Neil Young's career has encompassed so many musical styles that it's impossible to define him by just one. But without a doubt, country fans have enthusiastically embraced much of the Canadian native's work throughout the years. His 1972 album, 'Harvest,' featuring the No. 1 pop single, 'Heart of Gold,' was the top-selling album in any genre that year and went a long way toward cementing his status as a true country-rock icon.

A decade after that classic album, Neil left his longtime label, Warner Bros., and signed with Geffen Records. His tenure there, however, was fraught with difficulty as he released a series of albums (including 'Trans' and 'Everybody's Rockin') that confounded critics and angered his record label enough to sue him for not producing material they deemed commercially viable.

One such album that emerged during this tenuous period was 'Old Ways,' a country collection intended for release in 1983 but ultimately not issued until 1985. Featuring 'Get Back to the Country,' which just barely cracked the country Top 40, the recording sessions drew special guests Waylon Jennings and Willie Nelson (not to mention up-and-comer Marty Stuart on mandolin). 'Old Ways' also spotlighted some of Music City's most notable sidemen, including piano player Hargus "Pig" Robbins, bassist Joe Allen, Cajun fiddler Rufus Thibodeaux and pedal steel/Dobro picker Ben Keith. These musicians, as the International Harvesters, would tour with Neil throughout 1984-85.

In spite of (or perhaps due to?) the legal woes he was facing, Neil and his International Harvesters performed more than 80 shows during this period. The result (three decades later) is a sparkling document of the era, and Neil's latest CD, titled 'A Treasure.' It's a collection of 12 live recordings, just released as part of the Neil Young Archives Performance Series. The CD includes an exuberant performance of 'Amber Jean' -- a song written for Neil's daughter -- recorded September 20, 1984, for a live audience on the Nashville Network (TNN) show, 'Nashville Now,' hosted by Ralph Emery.

To celebrate the release of 'A Treasure,' which includes five never-before-released tunes, Neil Young visited the Country Music Hall of Fame and Museum in Nashville, inviting The Boot to view a gallery of spectacular black-and-white photographs of the musicians who comprised the International Harvesters. The Rock & Roll Hall of Fame member also spoke exclusively with The Boot about his early days playing country music, his first trips to Nashville, and the special way his daughter thanked him for immortalizing her in song.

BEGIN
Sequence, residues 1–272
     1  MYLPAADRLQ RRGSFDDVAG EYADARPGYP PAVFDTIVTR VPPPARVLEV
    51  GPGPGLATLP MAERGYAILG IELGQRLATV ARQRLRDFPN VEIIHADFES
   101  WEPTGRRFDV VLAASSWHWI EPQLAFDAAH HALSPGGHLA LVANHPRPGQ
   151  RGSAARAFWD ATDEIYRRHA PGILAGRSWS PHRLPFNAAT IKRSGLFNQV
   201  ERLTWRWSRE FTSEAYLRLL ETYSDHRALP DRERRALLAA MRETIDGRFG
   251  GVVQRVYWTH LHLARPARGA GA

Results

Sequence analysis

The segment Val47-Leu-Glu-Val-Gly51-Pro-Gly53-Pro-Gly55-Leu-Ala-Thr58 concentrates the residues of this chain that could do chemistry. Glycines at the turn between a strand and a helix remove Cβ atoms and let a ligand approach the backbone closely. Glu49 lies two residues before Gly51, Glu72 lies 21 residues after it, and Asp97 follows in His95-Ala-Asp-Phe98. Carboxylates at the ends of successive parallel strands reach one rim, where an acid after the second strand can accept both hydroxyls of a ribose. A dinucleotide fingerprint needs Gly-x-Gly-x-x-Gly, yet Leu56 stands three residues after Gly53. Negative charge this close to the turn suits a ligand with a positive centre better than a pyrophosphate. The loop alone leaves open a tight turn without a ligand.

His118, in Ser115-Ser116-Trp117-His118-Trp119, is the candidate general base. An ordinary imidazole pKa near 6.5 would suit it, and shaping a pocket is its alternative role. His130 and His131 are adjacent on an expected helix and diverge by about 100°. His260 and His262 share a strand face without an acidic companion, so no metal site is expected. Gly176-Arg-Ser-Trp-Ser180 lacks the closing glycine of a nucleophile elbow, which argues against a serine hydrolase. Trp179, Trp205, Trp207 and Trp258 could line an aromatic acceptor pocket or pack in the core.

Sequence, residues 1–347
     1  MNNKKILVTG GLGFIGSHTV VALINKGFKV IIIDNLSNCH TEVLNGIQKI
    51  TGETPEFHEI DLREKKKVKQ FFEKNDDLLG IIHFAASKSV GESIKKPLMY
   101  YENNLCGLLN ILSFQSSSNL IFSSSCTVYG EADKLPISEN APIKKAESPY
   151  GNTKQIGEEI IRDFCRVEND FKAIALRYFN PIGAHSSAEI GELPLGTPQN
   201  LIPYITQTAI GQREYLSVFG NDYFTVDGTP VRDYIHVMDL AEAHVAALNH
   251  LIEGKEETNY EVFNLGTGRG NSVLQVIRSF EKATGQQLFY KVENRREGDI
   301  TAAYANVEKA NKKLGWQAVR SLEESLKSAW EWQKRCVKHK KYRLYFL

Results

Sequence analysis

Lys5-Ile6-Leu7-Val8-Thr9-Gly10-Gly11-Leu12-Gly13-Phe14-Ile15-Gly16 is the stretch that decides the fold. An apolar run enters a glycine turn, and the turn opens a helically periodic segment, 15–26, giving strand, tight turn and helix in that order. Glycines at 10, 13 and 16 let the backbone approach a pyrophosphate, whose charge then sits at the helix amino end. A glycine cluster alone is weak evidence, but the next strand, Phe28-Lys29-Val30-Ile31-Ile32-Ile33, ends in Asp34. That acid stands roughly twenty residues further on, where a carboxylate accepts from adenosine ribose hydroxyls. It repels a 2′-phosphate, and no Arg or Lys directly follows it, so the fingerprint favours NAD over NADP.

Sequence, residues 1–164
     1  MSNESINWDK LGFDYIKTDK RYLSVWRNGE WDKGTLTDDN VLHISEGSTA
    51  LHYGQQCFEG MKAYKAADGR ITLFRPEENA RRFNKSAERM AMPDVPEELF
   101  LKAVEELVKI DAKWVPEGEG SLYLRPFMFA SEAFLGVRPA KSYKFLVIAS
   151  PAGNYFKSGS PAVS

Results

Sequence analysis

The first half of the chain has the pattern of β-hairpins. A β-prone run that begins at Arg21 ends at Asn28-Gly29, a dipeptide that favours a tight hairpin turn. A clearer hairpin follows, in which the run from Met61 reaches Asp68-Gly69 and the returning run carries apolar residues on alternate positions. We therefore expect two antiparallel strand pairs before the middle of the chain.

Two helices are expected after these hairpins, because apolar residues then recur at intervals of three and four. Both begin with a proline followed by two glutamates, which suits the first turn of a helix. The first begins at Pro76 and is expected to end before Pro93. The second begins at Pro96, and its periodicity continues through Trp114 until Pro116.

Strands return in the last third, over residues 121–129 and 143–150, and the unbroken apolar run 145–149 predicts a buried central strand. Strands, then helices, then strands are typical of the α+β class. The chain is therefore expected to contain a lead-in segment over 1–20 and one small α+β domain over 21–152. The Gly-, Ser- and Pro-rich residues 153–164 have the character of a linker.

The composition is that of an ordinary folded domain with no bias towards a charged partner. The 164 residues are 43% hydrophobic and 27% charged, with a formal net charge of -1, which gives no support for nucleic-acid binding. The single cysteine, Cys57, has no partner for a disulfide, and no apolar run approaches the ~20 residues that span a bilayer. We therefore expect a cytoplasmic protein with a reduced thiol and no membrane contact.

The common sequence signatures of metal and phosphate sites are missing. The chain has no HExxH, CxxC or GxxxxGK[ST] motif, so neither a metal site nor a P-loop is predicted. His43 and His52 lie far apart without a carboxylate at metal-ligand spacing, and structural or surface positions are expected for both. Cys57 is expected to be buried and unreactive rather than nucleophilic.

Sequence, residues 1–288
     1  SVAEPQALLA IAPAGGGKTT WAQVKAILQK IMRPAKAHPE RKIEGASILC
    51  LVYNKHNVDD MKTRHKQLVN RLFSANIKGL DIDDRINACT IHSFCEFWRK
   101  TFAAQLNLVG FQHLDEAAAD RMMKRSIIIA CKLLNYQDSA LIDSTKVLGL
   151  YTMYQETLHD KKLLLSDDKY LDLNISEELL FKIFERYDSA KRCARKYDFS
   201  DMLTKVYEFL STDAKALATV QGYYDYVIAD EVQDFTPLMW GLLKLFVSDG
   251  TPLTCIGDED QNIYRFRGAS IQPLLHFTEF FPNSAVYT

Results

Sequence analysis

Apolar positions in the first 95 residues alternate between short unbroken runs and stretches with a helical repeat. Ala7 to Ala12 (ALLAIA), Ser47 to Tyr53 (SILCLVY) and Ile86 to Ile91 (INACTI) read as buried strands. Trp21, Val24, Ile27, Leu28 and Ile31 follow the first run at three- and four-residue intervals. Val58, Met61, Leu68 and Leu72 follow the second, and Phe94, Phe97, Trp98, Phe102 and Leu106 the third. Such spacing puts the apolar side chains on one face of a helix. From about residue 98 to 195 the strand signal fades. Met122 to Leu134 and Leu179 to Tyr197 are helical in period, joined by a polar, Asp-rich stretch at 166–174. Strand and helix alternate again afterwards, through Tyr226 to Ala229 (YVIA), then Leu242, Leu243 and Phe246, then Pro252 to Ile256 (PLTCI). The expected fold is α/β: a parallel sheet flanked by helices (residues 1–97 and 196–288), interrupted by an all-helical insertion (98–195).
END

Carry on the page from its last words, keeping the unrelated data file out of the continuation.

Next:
These recordings were made during a difficult time for you. How did you keep it all together and focused on the music?

I was touring with the International Harvesters. I had just been sued by my record company for playing this kind of music. I had been sued by the IRS because they said I had too much artistic control in my contract. Basically, I was selling music and not really working for the company, so I had to pay sales tax. And then I was told by my record company that they would never play Neil Young doing country music on the radio. Even though all those things were happening at the time and my record company was telling me that country radio would never play me, because of the songs 'Southern Man' and 'Alabama,' and there was a line drawn that could never be crossed ... the musicians didn't apparently recognize the line at all and kept asking me to play those songs with them. We just went on and on and played every night for a long time. It really isn't that negative. What this is really about is the music and the people that played the music on this record.

Watch Our Exclusive Video of Neil Young in Nashville

if(typeof AOLVP_cfg==='undefined')AOLVP_cfg=[];AOLVP_cfg.push({id:'AOLVP_us_1009142759001','codever':0.1,'autoload':false,'autoplay':false,'playerid':'61371447001','videoid':'1009142759001','publisherid':1612833736,'playertype':'pageload','width':476,'height':357,'videotitle':'Test','bgcolor':''});

You obviously have high regard for the musicians on this record, and a few of them, Ben Keith, Rufus Thibodeaux, are gone now. What did you learn from them?

These musicians are the greatest musicians ever that I played with ... as a collection. As accomplished musicians, both technically and soulfully, they are unequaled. I've played with some great musicians, but these guys were musicians on another level. I played with superstars and other singers and all kinds of people; that's been great and I'm not saying this to belittle them or anything. But these guys as musicians were so accomplished and they played together with with no friction, with absolutely no regard for anything other than the music. It was a happiness that came out of our time together. The experience of playing was just so great. They should all be in the Hall of Fame, every one of them. Karl Himmel [on drums], Anthony Crawford [guitar], Spooner Oldham [on piano], who wrote 'I'm Your Puppet,' and the great Ben Keith [pedal steel and Dobro], an excellent musician who has touched this town a great deal. Rufus Thibodeaux, probably the greatest Cajun fiddler of all time. He pulled notes out of places not of this earth and just kept coming up with them. That was a great moment for me just being with him.